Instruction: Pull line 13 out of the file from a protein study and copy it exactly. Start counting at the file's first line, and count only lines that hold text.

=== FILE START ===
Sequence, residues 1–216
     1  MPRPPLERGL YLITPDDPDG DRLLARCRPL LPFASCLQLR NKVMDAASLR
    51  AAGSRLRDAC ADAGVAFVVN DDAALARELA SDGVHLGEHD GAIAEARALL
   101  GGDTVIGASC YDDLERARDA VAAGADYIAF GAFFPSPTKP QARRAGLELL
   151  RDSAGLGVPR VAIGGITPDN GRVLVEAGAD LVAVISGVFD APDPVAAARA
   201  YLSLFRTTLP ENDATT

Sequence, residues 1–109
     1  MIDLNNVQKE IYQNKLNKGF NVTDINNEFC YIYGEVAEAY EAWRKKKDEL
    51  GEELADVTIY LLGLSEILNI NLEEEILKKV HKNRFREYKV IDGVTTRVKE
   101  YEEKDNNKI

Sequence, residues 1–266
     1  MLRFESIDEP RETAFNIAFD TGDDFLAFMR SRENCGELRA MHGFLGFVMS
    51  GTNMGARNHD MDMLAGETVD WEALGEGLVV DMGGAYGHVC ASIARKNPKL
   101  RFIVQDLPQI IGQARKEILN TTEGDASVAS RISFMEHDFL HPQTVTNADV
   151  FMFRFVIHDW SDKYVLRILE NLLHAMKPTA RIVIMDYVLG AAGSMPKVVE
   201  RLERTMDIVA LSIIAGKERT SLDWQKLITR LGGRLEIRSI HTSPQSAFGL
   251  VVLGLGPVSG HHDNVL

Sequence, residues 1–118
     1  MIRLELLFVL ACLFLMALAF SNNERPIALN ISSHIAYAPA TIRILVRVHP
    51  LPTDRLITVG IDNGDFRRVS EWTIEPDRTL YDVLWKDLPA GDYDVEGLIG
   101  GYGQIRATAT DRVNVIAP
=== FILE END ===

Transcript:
    51  GTNMGARNHD MDMLAGETVD WEALGEGLVV DMGGAYGHVC ASIARKNPKL